dipshit-level programming help needed

Speed RacerSpeed Racer Scritch scratch scritch scratch scritch scratch scritch scratch scritch scratch scritch scratchscritch scratch scritch scratch scritch scratch scritch scratch scritch scratch scritch scratchRegistered User regular
edited March 2011 in Help / Advice Forum
So I'm working on an assignment for my intro to programming class. I've been given a .txt document containing the following:

>EBC;Iit_is a CaPital Mistake tO_theorize Before_one has DatA123.

The assignment is to make a program that reads this file and then does the following:

-Add ten to the ASCII value of the first six characters, and display them.
-edit the rest of the characters so that they're all lower case, the underscores have been replaced with spaces, and the numbers have been replaced with asterisks.
-output all the characters (minus the first six) to a new text file
-count the number of numbers converted to asterisks and the number of characters output to the new text file, and display these values.

I have this mostly complete, except for one small, really weird issue. The period at the end does not get output to the new text file. What makes this stranger is that if you count up all the characters after >EBC;I, including the period, you get 59. This is the number that my program lists as the number of characters being output to the new text file. So it's counting the period, but not actually sending it for some reason.

This is what I have so far. Obviously it's messy and I need to add some text and such but for the time being I'm just concerned with it producing the right answer.
#include <fstream>
#include <iostream>
#include <cstdlib>
using namespace std;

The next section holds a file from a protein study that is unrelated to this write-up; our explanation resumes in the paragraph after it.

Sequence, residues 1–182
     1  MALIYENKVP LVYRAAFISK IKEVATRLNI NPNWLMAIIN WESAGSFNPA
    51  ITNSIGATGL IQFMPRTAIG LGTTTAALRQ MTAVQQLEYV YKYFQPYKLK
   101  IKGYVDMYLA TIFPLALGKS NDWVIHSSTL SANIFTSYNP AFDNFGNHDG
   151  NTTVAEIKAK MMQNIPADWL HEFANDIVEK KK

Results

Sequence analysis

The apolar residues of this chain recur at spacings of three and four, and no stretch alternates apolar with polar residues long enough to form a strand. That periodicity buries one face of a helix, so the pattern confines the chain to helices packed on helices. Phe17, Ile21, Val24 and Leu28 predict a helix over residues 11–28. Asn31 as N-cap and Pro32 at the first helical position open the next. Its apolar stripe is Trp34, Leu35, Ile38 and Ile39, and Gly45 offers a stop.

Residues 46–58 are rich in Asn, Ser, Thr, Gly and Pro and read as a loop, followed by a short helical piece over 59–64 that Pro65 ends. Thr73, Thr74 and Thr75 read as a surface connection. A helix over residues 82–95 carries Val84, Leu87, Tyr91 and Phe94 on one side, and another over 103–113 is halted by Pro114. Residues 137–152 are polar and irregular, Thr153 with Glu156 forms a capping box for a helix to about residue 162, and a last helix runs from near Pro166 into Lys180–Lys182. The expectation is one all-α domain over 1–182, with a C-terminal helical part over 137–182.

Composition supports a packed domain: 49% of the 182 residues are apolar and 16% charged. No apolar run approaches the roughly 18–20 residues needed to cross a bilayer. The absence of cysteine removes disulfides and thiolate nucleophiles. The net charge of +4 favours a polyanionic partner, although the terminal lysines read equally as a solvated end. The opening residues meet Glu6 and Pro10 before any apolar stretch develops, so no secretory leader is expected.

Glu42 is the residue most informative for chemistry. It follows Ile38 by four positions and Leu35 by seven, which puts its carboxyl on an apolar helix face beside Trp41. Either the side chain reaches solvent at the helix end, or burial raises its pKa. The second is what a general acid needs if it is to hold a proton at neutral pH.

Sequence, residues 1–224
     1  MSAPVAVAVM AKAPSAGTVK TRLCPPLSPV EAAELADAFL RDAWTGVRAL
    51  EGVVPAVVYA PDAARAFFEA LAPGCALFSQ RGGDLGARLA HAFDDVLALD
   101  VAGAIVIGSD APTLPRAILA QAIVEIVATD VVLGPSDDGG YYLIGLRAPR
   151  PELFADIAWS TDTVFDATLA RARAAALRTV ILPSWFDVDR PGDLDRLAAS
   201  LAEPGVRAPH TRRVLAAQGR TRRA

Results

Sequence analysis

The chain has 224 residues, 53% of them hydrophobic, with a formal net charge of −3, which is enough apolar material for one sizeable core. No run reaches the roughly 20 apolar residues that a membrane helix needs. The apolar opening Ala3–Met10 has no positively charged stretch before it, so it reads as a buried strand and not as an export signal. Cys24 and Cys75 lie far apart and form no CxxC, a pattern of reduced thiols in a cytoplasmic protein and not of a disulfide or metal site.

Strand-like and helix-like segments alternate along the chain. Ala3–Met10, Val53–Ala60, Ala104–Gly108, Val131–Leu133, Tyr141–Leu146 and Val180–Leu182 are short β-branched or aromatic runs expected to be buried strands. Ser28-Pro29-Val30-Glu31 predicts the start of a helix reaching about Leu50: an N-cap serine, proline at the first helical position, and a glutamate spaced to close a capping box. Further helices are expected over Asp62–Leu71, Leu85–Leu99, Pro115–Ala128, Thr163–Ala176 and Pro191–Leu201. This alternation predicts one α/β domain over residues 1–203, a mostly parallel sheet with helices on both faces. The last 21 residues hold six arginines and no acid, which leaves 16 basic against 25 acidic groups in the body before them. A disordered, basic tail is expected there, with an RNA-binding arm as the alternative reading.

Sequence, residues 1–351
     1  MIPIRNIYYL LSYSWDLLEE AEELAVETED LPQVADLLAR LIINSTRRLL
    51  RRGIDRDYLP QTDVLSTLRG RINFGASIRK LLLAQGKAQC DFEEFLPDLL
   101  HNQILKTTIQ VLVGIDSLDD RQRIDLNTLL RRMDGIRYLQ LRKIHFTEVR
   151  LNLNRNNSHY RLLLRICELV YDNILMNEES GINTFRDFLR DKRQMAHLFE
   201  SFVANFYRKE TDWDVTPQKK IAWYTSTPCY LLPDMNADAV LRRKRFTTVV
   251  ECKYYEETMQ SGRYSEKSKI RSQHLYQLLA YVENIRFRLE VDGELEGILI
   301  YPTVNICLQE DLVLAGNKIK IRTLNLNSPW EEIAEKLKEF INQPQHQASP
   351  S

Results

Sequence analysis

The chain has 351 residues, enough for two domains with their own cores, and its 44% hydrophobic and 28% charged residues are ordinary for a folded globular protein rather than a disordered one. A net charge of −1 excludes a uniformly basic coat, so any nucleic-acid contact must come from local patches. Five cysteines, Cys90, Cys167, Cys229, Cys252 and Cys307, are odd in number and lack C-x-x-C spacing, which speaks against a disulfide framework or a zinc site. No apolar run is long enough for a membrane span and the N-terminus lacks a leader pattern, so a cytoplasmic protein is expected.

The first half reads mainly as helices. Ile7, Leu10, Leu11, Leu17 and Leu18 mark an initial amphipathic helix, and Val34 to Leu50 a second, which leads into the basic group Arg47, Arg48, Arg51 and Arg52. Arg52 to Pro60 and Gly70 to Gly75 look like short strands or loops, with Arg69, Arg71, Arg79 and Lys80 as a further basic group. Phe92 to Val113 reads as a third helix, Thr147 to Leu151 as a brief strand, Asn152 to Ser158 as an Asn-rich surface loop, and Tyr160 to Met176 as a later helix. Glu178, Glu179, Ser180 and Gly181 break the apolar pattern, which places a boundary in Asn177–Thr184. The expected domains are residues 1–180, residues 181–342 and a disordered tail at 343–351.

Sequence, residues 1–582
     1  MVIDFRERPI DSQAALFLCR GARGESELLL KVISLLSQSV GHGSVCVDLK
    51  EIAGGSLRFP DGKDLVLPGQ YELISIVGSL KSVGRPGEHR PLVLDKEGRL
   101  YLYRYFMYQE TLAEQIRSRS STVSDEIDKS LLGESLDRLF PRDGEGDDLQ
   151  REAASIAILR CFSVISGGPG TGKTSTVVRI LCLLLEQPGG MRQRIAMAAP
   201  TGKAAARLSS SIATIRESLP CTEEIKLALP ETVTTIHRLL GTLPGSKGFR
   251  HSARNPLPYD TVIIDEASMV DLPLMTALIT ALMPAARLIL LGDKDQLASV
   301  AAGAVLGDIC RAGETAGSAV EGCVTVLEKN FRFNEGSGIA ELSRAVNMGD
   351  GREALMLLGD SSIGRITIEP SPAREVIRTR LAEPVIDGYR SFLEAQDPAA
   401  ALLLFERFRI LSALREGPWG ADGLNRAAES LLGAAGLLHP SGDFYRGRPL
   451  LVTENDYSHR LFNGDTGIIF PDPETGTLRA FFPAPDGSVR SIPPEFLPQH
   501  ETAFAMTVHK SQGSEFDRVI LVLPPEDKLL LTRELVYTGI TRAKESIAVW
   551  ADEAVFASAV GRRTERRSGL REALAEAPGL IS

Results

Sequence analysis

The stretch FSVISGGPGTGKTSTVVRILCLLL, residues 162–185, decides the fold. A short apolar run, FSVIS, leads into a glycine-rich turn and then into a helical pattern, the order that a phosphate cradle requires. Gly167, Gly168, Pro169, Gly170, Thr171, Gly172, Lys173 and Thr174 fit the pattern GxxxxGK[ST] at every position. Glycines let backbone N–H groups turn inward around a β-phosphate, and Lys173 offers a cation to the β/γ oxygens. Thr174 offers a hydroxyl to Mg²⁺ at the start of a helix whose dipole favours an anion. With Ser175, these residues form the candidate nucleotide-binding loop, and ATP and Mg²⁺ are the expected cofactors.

int main ()
{
char codeChar, Character;
int Code = 0, Asterisk = 0, CharCount = 0;

ifstream fin;
ofstream fout;

fin.open("textIn.txt");
fout.open("textOut.txt");

if (fin.fail())
{
cout << "The file failed to load.";
exit (1);
}

while (Code < 6)
{
fin.get(codeChar);
static_cast<int>(codeChar);
codeChar = codeChar + 10;
static_cast<char>(codeChar);
cout << codeChar;
Code ++;
}

cout << endl << endl;

while (! fin.eof())
{
fin.get(Character);

if (isdigit(Character))
{
cout << "*";
fout << "*";
Asterisk ++;
}

else
{
if (isalpha(Character))
{
if(isupper(Character))
{
cout << static_cast<char>(tolower(Character));
fout << static_cast<char>(tolower(Character));
}
else
{
cout << Character;
fout << Character;
}
}
else
{
if (Character = '_')
{
cout << " ";
fout << " ";
}
else
{
cout << Character;
fout << Character;
}
}
}
if (! fin.eof())
CharCount ++;
}

fin.close();
fout.close();

cout << endl << endl << Asterisk << " " << CharCount;
system("pause");
return 0;
}

any help would be appreciated!

Speed Racer on

Posts

  • DaenrisDaenris Registered User regular
    edited March 2011
    if (Character = '_')
    should be
    if (Character == '_')

    Currently it's always resolving as true, since it's just an assignment. So for any character that's not a number, alphabetic, or the first 6, it would just output a space.

    Daenris on
  • Speed RacerSpeed Racer Scritch scratch scritch scratch scritch scratch scritch scratch scritch scratch scritch scratch scritch scratch scritch scratch scritch scratch scritch scratch scritch scratch scritch scratchRegistered User regular
    edited March 2011
    well

    it's good to know I gave this thread an apt title.

    Speed Racer on
  • khainkhain Registered User regular